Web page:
It's been a rough year for Kyrgyzstan. There was the uprising in April that saw a new government take charge, followed by violent ethnic clashes in June, then by a mass flight of refugees. And now it culminates with food scarcity and soaring prices that affect a quarter of the population amid a broken trade and supply network.
After an estimated 1,000 people died in violence in Kyrgyzstan two weeks ago, many are still asking "why?" Aside from blaming some organic propensity for violence between ethnic groups, The New York Times actually asked "why" and found complicity in both the Kyrgyz military and police forces.
Although he fled the capital city of Bishkek on Wednesday, Kyrgyzstan’s President Kurmanbek Bakiyev announced Thursday from an unknown locale that he wasn't stepping down, despite the apparent takeover of the Krgyz government by opposition politicians, according to The New York Times.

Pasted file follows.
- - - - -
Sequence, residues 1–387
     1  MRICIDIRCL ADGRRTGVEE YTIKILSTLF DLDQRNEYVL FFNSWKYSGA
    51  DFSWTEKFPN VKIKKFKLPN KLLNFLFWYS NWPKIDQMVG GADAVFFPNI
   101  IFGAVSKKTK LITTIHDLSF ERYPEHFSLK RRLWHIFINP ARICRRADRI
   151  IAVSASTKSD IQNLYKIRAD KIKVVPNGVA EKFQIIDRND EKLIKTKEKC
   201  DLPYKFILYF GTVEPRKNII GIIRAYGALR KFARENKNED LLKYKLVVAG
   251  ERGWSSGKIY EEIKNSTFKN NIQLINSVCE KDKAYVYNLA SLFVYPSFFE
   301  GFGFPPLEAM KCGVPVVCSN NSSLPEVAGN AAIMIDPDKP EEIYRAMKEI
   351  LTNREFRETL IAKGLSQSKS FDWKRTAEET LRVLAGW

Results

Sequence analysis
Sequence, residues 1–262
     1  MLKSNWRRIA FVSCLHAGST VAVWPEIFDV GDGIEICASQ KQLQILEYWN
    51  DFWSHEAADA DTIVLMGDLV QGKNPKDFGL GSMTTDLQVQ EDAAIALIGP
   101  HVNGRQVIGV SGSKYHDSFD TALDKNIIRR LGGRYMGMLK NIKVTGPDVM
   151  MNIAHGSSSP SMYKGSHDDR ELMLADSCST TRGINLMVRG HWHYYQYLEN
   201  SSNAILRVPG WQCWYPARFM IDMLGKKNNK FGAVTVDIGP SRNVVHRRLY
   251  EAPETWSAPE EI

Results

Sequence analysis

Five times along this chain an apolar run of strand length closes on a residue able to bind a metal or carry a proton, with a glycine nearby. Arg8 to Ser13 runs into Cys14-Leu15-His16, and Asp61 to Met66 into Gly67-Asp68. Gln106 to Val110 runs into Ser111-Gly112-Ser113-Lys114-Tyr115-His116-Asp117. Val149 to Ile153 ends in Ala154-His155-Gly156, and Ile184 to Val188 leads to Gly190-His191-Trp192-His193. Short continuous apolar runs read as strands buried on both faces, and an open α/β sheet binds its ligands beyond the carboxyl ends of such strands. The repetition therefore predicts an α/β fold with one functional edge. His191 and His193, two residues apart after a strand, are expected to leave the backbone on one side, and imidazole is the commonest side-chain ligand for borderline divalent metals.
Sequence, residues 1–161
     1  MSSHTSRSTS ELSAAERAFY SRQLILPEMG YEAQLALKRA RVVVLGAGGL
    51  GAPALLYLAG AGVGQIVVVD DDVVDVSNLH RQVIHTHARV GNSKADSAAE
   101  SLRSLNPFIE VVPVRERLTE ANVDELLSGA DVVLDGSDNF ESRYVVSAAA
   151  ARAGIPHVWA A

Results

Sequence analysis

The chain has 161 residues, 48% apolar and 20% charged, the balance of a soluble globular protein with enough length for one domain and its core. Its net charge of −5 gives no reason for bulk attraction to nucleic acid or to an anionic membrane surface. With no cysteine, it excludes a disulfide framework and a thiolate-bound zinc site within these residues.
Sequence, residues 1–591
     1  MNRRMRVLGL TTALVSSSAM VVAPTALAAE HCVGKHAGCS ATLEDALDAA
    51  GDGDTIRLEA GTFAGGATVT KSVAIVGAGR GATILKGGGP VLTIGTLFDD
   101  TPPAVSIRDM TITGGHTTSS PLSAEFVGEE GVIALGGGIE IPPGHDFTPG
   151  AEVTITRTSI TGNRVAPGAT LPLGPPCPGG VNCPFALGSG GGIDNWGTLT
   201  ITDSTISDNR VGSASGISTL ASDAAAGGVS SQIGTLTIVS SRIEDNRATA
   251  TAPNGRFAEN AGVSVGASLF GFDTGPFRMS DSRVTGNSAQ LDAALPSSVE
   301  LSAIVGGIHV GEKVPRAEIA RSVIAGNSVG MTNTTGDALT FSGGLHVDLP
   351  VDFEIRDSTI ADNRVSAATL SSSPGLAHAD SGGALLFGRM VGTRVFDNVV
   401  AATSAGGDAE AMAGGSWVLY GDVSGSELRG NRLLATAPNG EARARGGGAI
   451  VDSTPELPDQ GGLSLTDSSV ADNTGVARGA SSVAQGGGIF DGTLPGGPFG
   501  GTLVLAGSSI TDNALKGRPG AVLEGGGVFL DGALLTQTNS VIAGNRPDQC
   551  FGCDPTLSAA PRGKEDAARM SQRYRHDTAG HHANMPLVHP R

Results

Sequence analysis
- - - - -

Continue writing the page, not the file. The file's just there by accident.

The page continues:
Kyrgyzstan was thrown into turmoil Wednesday after clashes between protesters and police killed at least 17 people, according to The New York Times, and caused Kyrgyz President Kurmanbek Bakiyev to flee the capital of Bishkek.